After pressing, the wet billet is dried and fired. The drying step removes residual moisture from the billet. The firing step fuses the fibers to one another to produce a rigid body and to provide structural integrity. Drying occurs at approximately 200 to 500° F. for at least 24 hours. Firing occurs at a temperature between about 2300° F. and about 2600° F. for about 1 to about 5 hours.
The fused insulative material is finally machined into the shape of a tile, normally in the 6-inch by 6-inch planform and with thickness ranging from 1 to 3 inches. The tile is machined so that the top surface and the bottom surface of the tile are roughly parallel to the direction of the fiber alignment within the tile material. This arrangement provides an increase in tensile strength in the in-plane direction, which prevents the shrinkage and slumping that is problematic in the older generation tiles. For example, tensile strength of a new tile having a bulk density of 8 lbs/ft3 is approximately 110-140 lbs/ in2 in the in-plane direction and approximately 35-55 lbs/in2 in the through-the-thickness direction. The direction is termed as “in-plane” when it is perpendicular to the fiber press direction, while “through-the-thickness” direction is termed when it is parallel to the fiber press direction. The strength of the tile is sufficient to support a reaction-cured glass (RCG) and TUFI coating applied on the outer surface of the tile without problems associated with slumping.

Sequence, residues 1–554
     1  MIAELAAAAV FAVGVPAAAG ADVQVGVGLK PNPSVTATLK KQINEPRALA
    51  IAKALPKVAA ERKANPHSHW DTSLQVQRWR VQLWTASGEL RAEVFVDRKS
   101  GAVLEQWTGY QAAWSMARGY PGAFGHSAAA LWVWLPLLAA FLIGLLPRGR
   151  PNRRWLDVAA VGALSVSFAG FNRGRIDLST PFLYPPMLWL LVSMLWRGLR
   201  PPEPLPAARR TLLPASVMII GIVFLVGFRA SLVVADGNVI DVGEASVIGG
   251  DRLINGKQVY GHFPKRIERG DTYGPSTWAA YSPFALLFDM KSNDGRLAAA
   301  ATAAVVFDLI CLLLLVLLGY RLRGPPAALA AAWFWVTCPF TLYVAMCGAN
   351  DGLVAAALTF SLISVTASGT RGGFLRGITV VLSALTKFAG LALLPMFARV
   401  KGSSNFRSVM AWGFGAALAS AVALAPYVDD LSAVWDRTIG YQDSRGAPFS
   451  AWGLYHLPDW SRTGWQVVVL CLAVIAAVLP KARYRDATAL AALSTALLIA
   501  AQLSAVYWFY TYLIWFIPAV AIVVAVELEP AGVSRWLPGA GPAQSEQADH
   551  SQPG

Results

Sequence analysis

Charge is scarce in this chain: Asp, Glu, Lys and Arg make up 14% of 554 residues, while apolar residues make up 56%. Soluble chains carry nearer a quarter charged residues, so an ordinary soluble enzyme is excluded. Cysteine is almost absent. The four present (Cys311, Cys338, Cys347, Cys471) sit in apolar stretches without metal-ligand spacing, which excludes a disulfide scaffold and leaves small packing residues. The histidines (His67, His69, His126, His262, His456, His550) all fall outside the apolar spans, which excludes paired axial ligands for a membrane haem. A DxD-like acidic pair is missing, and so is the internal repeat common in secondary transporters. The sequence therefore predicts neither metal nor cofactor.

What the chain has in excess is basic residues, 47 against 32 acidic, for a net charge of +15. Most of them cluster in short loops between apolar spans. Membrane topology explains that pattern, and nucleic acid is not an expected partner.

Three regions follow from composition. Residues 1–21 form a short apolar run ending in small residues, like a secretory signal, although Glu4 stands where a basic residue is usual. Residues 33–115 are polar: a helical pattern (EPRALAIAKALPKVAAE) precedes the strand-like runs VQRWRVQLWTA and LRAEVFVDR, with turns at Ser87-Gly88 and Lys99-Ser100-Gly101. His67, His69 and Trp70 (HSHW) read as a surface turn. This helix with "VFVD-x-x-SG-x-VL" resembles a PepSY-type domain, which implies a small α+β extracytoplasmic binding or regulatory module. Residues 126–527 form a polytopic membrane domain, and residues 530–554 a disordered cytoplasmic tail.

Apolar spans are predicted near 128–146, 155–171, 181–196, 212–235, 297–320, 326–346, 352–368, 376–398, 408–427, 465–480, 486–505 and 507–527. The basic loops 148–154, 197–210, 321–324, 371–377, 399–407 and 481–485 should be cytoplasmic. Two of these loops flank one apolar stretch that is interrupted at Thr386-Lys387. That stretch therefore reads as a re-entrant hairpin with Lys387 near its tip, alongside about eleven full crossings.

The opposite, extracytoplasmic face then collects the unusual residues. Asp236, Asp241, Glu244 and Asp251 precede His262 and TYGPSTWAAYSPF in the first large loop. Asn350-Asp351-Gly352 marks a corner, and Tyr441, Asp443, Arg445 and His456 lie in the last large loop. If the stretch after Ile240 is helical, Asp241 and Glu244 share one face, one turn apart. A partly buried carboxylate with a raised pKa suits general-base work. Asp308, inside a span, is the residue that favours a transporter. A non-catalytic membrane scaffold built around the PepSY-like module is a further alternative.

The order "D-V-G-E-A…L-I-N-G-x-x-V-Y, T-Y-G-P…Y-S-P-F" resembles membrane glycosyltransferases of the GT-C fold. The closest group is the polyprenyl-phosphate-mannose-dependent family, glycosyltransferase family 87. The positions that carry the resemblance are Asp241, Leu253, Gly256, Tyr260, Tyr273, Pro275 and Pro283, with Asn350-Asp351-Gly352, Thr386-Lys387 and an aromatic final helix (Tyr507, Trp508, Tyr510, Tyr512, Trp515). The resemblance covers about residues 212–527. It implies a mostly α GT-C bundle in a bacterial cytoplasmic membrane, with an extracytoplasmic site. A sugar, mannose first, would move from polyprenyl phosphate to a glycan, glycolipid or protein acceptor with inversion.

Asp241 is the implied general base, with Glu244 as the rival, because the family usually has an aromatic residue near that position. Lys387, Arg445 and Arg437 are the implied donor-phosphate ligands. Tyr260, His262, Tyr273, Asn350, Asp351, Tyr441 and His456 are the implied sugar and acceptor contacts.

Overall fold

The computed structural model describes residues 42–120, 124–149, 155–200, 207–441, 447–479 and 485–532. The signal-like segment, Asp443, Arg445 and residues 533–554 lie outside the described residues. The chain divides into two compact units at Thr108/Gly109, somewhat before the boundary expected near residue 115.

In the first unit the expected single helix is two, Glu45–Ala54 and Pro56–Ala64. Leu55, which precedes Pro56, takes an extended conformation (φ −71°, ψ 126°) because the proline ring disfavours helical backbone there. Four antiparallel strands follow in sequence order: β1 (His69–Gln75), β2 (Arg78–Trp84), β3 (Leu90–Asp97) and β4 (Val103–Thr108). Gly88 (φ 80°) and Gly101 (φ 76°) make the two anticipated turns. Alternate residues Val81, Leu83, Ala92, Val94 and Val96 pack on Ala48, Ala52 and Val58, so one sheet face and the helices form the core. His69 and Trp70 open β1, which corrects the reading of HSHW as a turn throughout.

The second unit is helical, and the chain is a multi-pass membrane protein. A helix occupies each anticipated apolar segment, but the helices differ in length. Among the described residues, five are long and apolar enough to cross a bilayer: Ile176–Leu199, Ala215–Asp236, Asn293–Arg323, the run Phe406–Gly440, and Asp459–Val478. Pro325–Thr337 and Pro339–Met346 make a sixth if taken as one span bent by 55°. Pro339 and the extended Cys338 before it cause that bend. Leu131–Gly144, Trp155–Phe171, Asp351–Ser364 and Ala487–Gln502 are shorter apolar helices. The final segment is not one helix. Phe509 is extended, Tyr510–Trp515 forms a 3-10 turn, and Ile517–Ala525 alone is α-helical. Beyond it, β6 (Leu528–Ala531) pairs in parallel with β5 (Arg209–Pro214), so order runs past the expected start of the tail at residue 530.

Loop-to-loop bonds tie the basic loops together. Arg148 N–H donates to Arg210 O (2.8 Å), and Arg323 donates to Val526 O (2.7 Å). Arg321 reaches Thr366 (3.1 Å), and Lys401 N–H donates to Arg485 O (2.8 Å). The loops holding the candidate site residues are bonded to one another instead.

The insulative material exhibits very low thermal conductivity, particularly in the through-the-thickness direction. One of the primary reasons for low thermal conductivity is due to the fibers which are preferentially aligned in the in-plane direction, and thus substantially reducing the thermal conductivity in the through-the-thickness direction. The other reason is due to the finer diameter of SiO2 and Al2O3 fibers promoting radiation scattering more effectively compared to the fibers having relatively larger diameter such as Nextel fibers.